The new owner of this onetime paper doily factory in a mixed-use district turned to Ridgewood-based husband-and-wife architects Glickman Schlesinger to renovate the entire circa-1900 structure.
The 3,500-square-foot ground floor was rented out to a preschool, while the architects divided the upper level into two living lofts, one a two-bedroom for the owner’s family of four and the other an open space conceived as an artist’s live/work rental.
The utilitarian building, with its heavy timber frame and large windows, hadn’t been touched except for some minor renovations in the 1930s, Adam Glickman said.
‘He wanted to keep the space as raw and loft-like as possible,” said Lauren Schlesinger. To that end, they exposed the ceiling beams on top floor, which had been covered up, and refinished the existing maple floors. “It was common factory flooring and it’s great, a mix of curly and other types of maple.”
The enormous ceiling opening in the owner’s unit, seen in the photo at top, is original to the building. “It’s such a large opening, we didn’t want a flat skylight” for fear of excessive heat, Glickman said. Instead, the architects designed an enclosure to rise up from the opening with a sawtooth skylight sloped to capture northern light.
Some of the original windows were bricked in; the architects unblocked them to make use of all the available openings.
A long kitchen wall of blue tiles from Ceramica Bardelli distinguishes the owner’s unit.
“The kitchen is big and open and meant for entertaining,” Schlesinger said. The huge Wolf range was a must on the homeowner’s wish list.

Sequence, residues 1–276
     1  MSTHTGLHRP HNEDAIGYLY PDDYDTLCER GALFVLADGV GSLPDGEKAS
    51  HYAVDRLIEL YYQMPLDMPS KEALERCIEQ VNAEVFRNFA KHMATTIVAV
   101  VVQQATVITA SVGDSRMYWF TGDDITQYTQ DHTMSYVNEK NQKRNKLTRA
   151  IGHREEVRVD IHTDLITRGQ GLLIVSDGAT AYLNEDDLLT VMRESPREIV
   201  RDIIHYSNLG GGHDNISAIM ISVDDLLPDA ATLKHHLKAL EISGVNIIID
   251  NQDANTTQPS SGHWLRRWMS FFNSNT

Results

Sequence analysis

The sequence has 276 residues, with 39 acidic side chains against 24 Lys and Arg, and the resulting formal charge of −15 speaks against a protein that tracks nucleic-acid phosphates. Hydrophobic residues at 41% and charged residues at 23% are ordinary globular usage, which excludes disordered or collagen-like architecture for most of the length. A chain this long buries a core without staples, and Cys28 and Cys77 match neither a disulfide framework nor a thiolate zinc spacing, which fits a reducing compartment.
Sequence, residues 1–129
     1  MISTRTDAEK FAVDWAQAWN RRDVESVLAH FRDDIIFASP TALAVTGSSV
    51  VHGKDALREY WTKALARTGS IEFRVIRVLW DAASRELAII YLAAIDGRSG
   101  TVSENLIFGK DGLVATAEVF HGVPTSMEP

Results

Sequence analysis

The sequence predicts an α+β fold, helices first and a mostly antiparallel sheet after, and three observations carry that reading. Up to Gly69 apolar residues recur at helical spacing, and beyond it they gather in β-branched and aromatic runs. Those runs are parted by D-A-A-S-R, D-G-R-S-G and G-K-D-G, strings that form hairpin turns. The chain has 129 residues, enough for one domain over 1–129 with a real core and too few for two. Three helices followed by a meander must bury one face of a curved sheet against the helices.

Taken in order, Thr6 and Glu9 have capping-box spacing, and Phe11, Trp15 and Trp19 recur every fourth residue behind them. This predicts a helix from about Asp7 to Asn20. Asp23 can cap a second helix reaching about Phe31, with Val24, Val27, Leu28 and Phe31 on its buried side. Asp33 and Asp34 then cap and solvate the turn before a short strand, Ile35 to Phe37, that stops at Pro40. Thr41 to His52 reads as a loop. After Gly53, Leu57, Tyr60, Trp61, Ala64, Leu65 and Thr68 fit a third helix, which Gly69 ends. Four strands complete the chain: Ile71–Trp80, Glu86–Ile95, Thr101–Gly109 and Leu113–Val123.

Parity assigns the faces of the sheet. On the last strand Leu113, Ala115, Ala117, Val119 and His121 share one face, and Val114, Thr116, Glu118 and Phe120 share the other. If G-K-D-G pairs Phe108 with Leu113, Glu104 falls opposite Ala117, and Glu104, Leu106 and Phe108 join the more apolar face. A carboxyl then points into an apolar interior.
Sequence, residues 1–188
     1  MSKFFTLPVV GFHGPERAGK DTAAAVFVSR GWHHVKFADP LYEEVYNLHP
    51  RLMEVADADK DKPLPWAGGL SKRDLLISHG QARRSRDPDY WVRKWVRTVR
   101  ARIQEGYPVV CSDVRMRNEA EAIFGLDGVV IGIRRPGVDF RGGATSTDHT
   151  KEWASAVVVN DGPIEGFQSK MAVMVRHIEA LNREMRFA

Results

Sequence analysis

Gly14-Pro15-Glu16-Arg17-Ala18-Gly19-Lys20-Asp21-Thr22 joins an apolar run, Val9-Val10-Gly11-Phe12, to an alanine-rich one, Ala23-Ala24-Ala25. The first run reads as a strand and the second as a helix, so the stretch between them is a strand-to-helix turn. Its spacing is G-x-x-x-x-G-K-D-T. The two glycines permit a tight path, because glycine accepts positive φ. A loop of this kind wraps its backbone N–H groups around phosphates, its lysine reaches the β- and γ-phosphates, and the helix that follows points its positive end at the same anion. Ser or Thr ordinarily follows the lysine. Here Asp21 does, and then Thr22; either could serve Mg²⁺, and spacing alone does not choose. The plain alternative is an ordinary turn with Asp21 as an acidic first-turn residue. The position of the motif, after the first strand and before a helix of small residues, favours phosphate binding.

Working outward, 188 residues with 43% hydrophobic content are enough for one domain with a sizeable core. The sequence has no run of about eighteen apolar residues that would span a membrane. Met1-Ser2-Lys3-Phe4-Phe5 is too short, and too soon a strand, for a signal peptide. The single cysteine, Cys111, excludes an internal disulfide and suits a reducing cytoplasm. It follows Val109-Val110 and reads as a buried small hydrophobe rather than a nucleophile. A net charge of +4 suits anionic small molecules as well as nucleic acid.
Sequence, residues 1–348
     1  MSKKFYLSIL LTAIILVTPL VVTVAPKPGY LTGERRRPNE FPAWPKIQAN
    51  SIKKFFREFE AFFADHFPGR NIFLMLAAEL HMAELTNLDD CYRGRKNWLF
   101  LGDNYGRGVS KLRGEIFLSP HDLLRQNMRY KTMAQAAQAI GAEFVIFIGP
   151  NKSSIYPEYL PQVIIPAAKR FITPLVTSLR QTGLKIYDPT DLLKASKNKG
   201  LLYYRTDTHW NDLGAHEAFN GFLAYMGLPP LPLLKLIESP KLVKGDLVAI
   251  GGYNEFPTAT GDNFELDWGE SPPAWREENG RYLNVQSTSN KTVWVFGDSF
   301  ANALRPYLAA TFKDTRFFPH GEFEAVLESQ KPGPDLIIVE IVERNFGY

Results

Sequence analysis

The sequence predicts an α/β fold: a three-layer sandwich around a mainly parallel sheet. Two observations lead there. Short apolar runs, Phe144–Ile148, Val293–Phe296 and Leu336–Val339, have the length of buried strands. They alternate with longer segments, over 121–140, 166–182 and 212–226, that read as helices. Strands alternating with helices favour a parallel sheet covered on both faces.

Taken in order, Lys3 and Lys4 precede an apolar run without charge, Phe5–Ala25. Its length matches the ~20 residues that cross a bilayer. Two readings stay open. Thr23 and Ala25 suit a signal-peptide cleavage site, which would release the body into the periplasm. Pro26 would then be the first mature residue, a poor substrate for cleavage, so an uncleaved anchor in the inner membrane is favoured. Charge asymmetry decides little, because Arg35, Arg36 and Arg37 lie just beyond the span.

Utilitarian Lightolier track lighting hangs between the exposed ceiling beams.
A custom walnut desk and bookshelves, also handcrafted by Wood by Design, were fitted into a corner of the kitchen wall.
Near the entrance, a corridor leads to two bedrooms and two baths. The rest of the space is open.
The kids’ room has a large skylight and, like the rest of the loft, exposed beams that were cleaned up a bit but not otherwise treated.
Brilliant yellow tiles from Ceramica Bardelli decorate the children’s bath.
In the rental unit, there’s a dining table designed by the architects, which is part of their ongoing product line, along with a vintage Arne Jacobsen sofa and an IKEA bookcase used as a room divider. The kids’ table and chairs are by Pkolino.
A simple galley kitchen in the rental unit is built of IKEA components, with a fridge from Fisher Paykel and a freestanding stainless steel counter.
The open space of the rental unit made exposing the ductwork an easy solution, one in keeping with the desired industrial sensibility.
[Photos by Lauren Coleman Photography]
The Insider is Brownstoner’s weekly in-depth look at a notable interior design/renovation project, by design journalist Cara Greenberg. Find it here every Thursday morning. Got a project to propose for The Insider? Contact Cara at caramia447 [at] gmail [dot] com.
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